Tipsy Yellowstone tourist falls into Old Faithful’s thermal pool, hospitalized with severe burns
Yellowstone National Park visitor has been taken to the hospital with severe burns after he tripped and fell into one of the thermal pools at Old Faithful geyser at night.
The tourist told park rangers he had gone for a walk off the boardwalk without a flashlight.
While in the dark, he tripped over and fell into one of the thermal pools near the Old Faithful geyser, where water temperatures can reach 212F.
The 48-year-old man, who was staying at the Old Faithful Inn, managed to get himself back to his hotel despite his injuries.
He was met by park rangers at midnight and treated by paramedics at the hotel.
The visitor, who is a US citizen living in India, was then taken to the Burn Center at Eastern Idaho Regional Medical Center where he’s currently being treated.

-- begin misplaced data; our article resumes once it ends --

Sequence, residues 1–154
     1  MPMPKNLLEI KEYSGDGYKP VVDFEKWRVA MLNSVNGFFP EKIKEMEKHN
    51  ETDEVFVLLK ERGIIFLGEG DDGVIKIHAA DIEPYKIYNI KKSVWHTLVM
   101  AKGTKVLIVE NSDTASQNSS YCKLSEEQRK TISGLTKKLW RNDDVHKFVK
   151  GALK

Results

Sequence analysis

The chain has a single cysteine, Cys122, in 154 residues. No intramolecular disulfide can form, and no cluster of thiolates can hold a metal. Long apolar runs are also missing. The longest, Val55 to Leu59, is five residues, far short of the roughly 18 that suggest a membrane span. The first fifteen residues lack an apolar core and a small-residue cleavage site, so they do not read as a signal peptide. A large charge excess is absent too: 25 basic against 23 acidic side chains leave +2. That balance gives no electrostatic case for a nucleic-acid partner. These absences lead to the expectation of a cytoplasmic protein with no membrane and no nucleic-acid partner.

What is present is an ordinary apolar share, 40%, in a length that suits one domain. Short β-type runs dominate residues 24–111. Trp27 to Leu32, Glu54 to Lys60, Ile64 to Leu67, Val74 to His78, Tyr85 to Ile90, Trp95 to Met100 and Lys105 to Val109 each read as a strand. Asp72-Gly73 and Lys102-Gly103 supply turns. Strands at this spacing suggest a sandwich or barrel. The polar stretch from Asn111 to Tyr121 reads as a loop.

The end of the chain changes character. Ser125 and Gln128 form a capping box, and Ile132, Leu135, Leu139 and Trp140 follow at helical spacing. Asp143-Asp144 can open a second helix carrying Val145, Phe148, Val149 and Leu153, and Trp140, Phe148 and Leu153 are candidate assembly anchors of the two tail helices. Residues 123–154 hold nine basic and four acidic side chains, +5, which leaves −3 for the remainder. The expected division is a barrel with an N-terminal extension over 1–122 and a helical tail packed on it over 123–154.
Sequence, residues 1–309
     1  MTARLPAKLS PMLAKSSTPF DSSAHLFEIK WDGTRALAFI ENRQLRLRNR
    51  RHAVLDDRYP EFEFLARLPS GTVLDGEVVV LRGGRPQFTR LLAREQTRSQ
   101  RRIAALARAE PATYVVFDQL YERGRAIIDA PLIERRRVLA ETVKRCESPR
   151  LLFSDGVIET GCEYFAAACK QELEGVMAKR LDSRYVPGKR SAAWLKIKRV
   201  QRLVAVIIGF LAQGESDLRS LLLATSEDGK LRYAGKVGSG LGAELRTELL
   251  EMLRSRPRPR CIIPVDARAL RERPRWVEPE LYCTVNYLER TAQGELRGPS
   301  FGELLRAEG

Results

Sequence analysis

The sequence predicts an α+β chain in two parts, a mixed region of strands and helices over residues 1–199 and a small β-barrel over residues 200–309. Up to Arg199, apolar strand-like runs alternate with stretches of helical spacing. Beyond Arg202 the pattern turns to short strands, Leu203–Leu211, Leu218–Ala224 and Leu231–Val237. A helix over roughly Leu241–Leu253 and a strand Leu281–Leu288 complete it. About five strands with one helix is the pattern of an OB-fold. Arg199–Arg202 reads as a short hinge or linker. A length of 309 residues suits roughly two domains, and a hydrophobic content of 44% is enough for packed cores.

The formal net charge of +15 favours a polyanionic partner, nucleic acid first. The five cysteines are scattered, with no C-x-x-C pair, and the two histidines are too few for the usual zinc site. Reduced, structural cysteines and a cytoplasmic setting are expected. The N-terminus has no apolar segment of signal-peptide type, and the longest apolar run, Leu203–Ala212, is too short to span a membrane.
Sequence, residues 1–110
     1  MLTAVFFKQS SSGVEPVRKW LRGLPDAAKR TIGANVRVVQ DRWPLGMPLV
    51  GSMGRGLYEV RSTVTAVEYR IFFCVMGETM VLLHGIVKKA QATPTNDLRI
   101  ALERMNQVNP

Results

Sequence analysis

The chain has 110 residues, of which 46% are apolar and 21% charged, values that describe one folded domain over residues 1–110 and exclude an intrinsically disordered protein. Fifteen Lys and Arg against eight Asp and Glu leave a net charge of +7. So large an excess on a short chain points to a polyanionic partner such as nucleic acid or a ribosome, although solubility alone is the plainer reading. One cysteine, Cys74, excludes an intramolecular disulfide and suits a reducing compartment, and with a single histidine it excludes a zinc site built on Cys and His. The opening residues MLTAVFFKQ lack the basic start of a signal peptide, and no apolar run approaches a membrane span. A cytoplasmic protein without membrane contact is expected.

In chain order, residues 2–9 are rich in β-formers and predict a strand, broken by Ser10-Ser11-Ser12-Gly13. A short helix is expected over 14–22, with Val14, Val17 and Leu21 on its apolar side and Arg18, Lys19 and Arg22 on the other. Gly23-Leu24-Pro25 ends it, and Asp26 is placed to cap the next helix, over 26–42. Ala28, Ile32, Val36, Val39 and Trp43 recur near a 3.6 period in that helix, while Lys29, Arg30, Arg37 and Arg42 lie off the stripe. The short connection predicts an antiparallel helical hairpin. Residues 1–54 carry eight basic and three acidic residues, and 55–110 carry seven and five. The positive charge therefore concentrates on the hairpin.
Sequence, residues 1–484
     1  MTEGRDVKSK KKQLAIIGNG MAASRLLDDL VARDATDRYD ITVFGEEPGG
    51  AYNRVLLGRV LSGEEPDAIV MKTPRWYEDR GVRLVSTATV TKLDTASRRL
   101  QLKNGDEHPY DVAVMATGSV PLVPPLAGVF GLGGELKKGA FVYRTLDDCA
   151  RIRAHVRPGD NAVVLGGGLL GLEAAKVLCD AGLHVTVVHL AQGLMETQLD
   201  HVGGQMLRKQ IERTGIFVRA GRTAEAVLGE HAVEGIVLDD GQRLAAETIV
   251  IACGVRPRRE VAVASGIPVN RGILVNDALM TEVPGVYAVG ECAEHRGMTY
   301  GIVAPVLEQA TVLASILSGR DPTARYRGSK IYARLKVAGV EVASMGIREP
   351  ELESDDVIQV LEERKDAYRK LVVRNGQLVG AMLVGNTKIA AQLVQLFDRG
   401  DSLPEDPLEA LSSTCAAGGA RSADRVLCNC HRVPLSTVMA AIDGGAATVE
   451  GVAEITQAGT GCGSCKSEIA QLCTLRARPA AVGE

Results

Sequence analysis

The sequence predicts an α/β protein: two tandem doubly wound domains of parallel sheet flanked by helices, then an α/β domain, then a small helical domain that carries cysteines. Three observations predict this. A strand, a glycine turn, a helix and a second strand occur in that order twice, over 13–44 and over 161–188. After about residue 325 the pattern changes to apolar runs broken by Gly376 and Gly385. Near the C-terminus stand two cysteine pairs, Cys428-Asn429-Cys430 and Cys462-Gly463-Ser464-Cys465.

A hospital spokesperson said that the man was in critical condition and was unavailable to provide any comments.
The unfortunate visitor could now also face prosecution since the geyser is in a protected area.
In an official statement on its website, the National Parks Service (NPS) said that they had “detected evidence of alcohol use”.
Park rangers had gone to investigate the thermal area the next morning, where they discovered man’s shoe, a hat and a beer can near the geyser.
They also said that there were footprints going to and from the geyser as well as blood on the boardwalk.
The NPS are also investigating any damage to the geyser.
The results of the investigation will be sent on to the US Attorney’s Office, where they will decide whether or not to prosecute Cade.
The NPS added: “The ground in hydrothermal areas is fragile and thin, and there is scalding water just below the surface.
“Visitors must always remain on boardwalks and exercise extreme caution around thermal features. ”
This is the first serious injury in a thermal area in two years according to the NPS.
In June 2017 a man fell into a hot spring at Lower Geyser Basin and suffered severe burns.